A Healthy Diet Costs More, Study Says

A new Harvard study reveals that eating healthy costs $550 more per year.

The reality of eating well, as any health nut will tell you, is that good-for-you food is not exactly good for your wallet. They don’t call Whole Foods “Whole Paycheck” for nothing. We’d know, considering the venerable grocery store is basically the Boston magazine staff cafeteria. And now validation of this widely accepted truth has arrived, courtesy of the Harvard School of Public Health. According to a new study by the HSPH, choosing to eat healthier by purchasing large amounts of fruits, vegetables, fish, and nuts costs more per year than choosing to purchase unhealthy foods.

The study, published in the British Medical Journal, examined data collected from 27 previous studies which included pricing information for food in both healthy and unhealthy diets. To put together overall diet patterns and conduct their analysis, the researchers evaluated differences in price per 200 calories per serving, and prices per 2,000 calories per day.

The study shows that on average a diet consisting of more fruits, vegetables, fish, and nuts costs about $1.50 more per day over the course of a year than a diet consisting of processed foods, meats, and refined grains. That adds up to about $550 more per year.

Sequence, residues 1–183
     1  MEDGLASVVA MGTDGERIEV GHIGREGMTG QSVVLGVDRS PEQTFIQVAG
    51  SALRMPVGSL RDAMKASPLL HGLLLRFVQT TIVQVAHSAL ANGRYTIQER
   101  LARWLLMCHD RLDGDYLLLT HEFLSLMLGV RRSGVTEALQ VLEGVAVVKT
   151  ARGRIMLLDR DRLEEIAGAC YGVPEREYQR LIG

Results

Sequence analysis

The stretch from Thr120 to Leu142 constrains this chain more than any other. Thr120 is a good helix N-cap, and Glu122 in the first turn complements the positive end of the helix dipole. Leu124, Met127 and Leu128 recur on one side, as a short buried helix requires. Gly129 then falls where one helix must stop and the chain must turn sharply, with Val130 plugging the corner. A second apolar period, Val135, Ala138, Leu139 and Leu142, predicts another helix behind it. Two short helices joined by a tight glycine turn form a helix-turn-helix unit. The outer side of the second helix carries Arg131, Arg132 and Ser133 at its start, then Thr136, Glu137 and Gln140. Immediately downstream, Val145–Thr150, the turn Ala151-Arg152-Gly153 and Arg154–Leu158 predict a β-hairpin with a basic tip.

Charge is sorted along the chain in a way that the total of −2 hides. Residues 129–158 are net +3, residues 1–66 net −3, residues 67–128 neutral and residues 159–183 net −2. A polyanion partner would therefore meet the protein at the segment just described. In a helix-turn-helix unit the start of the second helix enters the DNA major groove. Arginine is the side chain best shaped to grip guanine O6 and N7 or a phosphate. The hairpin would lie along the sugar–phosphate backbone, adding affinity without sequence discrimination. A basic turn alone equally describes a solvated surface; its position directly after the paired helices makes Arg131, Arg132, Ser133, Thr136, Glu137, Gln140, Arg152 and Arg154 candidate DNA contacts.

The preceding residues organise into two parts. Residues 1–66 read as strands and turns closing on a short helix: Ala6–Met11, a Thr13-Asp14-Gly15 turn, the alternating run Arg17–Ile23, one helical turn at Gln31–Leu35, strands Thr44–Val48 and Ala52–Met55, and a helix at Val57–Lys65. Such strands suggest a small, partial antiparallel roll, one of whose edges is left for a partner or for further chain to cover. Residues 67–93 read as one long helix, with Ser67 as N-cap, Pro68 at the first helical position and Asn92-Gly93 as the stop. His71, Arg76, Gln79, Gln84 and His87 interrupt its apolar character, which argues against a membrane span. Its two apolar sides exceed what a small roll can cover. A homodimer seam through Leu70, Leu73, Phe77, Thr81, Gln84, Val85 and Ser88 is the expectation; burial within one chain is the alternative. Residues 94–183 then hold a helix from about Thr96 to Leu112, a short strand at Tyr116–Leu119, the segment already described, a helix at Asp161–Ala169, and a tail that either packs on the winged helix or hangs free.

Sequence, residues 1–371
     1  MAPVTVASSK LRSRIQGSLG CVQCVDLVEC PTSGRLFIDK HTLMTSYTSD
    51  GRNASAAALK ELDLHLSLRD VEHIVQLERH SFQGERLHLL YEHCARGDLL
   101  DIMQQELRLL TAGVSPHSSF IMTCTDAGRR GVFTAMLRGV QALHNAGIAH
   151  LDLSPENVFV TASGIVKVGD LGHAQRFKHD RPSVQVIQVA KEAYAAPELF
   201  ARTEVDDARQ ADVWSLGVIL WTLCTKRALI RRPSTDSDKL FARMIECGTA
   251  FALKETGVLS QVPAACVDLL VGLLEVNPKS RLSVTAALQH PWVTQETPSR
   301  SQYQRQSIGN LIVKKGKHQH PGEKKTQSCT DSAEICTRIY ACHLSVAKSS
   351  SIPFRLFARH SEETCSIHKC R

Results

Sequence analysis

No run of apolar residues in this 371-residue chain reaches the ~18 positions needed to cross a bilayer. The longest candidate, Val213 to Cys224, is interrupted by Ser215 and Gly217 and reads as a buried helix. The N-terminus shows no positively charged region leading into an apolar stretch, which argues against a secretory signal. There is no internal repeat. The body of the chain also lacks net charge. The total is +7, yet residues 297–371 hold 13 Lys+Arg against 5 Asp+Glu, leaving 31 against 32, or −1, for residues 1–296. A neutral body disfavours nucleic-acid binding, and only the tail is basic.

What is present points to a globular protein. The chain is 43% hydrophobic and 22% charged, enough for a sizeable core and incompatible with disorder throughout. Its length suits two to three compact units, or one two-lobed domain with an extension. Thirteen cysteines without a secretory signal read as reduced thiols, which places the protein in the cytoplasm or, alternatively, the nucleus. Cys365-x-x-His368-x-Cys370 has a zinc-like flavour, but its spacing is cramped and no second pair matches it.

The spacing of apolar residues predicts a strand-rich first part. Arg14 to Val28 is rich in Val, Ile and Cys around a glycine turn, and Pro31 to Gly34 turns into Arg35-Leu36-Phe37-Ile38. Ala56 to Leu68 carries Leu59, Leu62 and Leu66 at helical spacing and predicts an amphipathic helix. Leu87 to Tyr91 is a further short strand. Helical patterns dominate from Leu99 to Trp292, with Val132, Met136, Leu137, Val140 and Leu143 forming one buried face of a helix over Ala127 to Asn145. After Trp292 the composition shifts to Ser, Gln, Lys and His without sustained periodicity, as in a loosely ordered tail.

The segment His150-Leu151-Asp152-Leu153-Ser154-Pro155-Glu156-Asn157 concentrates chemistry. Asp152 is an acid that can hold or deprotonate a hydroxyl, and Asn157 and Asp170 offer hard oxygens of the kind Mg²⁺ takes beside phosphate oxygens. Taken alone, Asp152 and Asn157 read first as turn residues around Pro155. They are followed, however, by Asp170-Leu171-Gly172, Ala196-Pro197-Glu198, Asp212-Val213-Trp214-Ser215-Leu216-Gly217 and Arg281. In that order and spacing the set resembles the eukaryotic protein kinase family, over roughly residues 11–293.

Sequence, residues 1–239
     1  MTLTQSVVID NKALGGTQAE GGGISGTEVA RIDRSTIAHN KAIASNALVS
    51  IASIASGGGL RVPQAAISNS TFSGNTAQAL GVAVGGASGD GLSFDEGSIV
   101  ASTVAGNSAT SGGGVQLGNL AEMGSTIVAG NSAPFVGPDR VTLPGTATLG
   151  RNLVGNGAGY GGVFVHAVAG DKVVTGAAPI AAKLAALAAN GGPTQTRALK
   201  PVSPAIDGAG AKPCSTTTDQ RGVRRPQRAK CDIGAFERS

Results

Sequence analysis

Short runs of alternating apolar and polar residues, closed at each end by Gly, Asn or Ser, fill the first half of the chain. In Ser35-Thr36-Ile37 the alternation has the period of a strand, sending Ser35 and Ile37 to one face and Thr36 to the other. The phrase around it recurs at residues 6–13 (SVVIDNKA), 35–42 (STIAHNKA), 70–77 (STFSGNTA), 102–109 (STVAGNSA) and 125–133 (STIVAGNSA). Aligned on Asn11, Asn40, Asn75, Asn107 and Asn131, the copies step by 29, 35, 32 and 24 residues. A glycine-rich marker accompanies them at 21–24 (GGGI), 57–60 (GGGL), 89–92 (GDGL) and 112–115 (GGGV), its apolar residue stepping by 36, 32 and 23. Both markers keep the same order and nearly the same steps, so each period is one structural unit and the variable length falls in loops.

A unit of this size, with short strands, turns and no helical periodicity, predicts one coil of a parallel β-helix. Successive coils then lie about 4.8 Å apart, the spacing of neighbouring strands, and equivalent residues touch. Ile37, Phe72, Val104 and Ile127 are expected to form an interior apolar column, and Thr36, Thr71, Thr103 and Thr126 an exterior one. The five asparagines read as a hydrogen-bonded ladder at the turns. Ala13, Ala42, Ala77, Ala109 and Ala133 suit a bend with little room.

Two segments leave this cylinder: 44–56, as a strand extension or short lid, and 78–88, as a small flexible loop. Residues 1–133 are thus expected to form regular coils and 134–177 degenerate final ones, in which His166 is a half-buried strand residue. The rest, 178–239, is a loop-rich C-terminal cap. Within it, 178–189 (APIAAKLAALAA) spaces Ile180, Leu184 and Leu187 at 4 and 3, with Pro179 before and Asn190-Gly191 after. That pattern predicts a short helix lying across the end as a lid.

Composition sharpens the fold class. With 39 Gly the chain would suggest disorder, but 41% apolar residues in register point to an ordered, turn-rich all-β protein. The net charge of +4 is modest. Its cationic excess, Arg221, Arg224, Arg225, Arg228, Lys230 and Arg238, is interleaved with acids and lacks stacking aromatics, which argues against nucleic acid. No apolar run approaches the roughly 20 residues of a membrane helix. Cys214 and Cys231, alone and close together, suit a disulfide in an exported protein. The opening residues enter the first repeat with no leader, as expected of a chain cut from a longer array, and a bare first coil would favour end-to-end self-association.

Study researchers say that unhealthier foods are designed to be produced in large quantities at low prices. A large network of farming, storage, processing, and marketing strategies works to maximize profit for unhealthy foods, while healthier foods focus on spreading fresh, quality produce.

Dariush Mozaffarian, senior author of the study and associate professor of epidemiology at Harvard School of Public Health said in a report:

“This represents a real burden for some families, and we need policies to help offset these costs. On the other hand, this price difference is very small in comparison to the economic costs of diet-related chronic diseases, which would be dramatically reduced by healthy diets.”

The researchers suggest, in light of the study’s findings, that an infrastructure similar to the one used for unhealthy foods should be applied to the production of healthy foods in order to lower prices and increase availability. Implementing such a system also has the potential, as Mozaffarian points out, to lower families’ health care costs by reducing the chances of diet-related chronic diseases.

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